Have you ever wondered why a project that you have two weeks to complete ends up taking the whole two weeks, when you can finish a similar project with a shorter deadline in 48 hours?
Remember when you had a whole semester to complete a paper for class? We would always plan to get it done early so that we weren’t writing our paper while also taking final exams. And yet, how many of us ended up still writing the night before the paper was due?
In my last post I discussed multitasking as something to avoid. I pulled one quote and one experiment to show that multitasking was bad and then moved on with my point.
As a lawyer, I feel the need to double back and support my argument. While many of you agreed, I recognize that I have not actually done the work to convince you that multitasking is, in fact, bad for productivity.
Everyone does it these days. There is so much going on and so many different sources of media that you can’t always help it.
Plus, aren’t you getting more done by doing multiple things at once? Doesn’t squeezing more things into the same time slot mean that you can accomplish more?
There is a quote attributed to Aristotle that is very popular in the online entrepreneur community lately.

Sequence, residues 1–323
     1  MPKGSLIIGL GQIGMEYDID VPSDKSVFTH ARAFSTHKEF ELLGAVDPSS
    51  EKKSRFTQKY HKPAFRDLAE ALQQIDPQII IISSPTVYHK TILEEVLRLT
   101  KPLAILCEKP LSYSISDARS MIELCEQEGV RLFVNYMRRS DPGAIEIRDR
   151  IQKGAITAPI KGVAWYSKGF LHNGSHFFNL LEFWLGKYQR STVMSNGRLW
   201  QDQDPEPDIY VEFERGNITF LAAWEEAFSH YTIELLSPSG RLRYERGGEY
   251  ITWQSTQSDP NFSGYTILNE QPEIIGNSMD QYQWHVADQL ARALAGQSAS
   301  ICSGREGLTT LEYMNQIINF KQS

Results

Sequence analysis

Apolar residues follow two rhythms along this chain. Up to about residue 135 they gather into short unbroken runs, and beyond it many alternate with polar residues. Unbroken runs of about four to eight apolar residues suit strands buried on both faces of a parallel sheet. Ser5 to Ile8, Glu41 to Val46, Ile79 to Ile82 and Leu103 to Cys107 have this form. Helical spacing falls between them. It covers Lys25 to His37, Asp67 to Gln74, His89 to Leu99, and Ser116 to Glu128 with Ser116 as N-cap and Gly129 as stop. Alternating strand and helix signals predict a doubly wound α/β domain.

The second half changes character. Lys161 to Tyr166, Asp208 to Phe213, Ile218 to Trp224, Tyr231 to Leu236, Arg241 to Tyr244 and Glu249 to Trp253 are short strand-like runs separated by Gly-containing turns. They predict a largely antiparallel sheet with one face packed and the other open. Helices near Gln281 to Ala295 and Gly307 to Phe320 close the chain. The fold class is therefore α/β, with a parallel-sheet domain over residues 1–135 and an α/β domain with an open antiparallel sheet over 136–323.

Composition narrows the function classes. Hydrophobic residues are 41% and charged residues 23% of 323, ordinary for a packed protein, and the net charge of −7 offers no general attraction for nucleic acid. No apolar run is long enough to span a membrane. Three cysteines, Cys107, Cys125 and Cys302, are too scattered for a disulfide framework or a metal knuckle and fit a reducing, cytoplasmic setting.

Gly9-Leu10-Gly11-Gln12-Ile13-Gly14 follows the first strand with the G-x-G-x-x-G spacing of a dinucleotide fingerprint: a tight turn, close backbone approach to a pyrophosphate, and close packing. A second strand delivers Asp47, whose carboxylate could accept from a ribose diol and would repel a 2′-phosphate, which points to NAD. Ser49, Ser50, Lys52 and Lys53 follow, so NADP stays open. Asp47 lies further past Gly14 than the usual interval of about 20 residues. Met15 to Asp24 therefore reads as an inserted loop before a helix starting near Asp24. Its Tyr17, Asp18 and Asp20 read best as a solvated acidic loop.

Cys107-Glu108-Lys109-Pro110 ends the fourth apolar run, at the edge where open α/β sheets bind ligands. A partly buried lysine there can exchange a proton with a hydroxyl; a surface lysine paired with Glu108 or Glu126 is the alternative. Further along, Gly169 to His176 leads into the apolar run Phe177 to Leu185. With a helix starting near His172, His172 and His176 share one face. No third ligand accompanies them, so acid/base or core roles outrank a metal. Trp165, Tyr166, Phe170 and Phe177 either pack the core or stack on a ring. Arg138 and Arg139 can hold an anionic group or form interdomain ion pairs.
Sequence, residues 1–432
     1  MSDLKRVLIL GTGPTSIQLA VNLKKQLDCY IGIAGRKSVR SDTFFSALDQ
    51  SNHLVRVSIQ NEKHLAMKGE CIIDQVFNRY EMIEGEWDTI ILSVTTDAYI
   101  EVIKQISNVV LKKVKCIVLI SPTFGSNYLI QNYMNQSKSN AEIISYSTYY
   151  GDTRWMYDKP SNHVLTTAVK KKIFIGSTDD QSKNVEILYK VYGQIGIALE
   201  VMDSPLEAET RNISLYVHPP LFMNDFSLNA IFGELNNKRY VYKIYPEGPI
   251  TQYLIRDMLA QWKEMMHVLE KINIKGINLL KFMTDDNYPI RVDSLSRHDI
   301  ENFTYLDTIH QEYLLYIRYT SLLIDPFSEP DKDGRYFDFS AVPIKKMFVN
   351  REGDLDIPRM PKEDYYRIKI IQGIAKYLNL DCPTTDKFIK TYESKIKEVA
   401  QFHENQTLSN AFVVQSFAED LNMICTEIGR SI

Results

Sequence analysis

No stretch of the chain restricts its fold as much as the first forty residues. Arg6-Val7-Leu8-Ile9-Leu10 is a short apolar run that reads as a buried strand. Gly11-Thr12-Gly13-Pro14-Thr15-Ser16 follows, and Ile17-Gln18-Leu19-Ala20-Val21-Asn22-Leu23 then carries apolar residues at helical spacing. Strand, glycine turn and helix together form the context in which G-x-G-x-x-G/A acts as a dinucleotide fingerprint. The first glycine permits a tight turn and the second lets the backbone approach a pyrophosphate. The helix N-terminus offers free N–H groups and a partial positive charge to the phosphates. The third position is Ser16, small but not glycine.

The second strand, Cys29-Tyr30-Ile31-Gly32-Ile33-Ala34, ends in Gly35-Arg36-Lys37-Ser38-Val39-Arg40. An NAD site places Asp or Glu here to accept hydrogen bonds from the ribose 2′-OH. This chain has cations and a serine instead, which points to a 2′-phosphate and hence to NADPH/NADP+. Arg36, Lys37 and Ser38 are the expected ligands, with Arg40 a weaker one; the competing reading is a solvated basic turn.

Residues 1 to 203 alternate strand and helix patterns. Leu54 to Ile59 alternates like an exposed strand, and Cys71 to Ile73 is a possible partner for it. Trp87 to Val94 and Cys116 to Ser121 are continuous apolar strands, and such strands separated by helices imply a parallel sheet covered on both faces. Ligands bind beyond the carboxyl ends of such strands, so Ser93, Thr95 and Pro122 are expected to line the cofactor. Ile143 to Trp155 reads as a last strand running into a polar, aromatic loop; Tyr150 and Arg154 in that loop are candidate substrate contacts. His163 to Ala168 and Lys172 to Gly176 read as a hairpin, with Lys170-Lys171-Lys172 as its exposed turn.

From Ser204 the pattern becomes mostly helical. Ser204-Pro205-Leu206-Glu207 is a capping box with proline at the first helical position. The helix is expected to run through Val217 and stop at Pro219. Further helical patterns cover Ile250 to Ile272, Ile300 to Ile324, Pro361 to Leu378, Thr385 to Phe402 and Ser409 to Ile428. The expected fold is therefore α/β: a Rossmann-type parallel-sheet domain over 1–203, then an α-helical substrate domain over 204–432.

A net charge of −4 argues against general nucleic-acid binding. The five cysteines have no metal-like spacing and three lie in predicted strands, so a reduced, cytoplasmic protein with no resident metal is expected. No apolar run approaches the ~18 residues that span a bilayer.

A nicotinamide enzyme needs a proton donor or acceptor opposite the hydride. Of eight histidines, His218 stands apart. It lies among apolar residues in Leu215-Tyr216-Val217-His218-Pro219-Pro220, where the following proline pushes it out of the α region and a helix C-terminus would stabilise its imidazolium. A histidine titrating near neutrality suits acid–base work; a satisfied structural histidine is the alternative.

“We are what we repeatedly do. Excellence, then, is not an act, but a habit.”
(It is actually a quote from Will Durant in a 1926 book providing his own summary of Aristotle’s position, but it sounds more powerful coming from a father of western philosopher than from a 20th century writer that nobody knows.)
The quote is nice. It sounds important and stresses habit building. Cool.
Last week I talked about some time management goals that I had for 2017 and some things that I still need to work on in that area. I said, “I’m pretty good at time management, but I want to be better,” and that “I’ve completed the entry level time management tips.”
I also said, while discussing my prioritization issues that I’ve read around 100 books this year, which was flagged in the comments as a lot of reading.
And it certainly is. There is no doubt that I did better with time management in 2016 than I had in previous years.
We’re all about self-improvement around here. While I don’t usually set New Year’s resolutions, I set goals and work to build better habits all the time. With that in mind, let’s look into making better resolutions so that you can set yourself up for success.
Don’t get me wrong. I am all for setting goals and building habits. I am all about self-improvement. I just don’t usually tie it to the turn of the calendar year.
I am a proponent of constant self-improvement, which includes setting goals and building new habits at multiple points during a given year. Basically, whenever you discover that there is something that you could do to improve yourself, you sit down and make a plan to start working on it as soon as possible.
That said, I suppose the beginning of the calendar year is as good a time as any to induce some self-assessment.
Plus, this year I have an area of improvement that I want to work on for which the timing coincides roughly with the new year.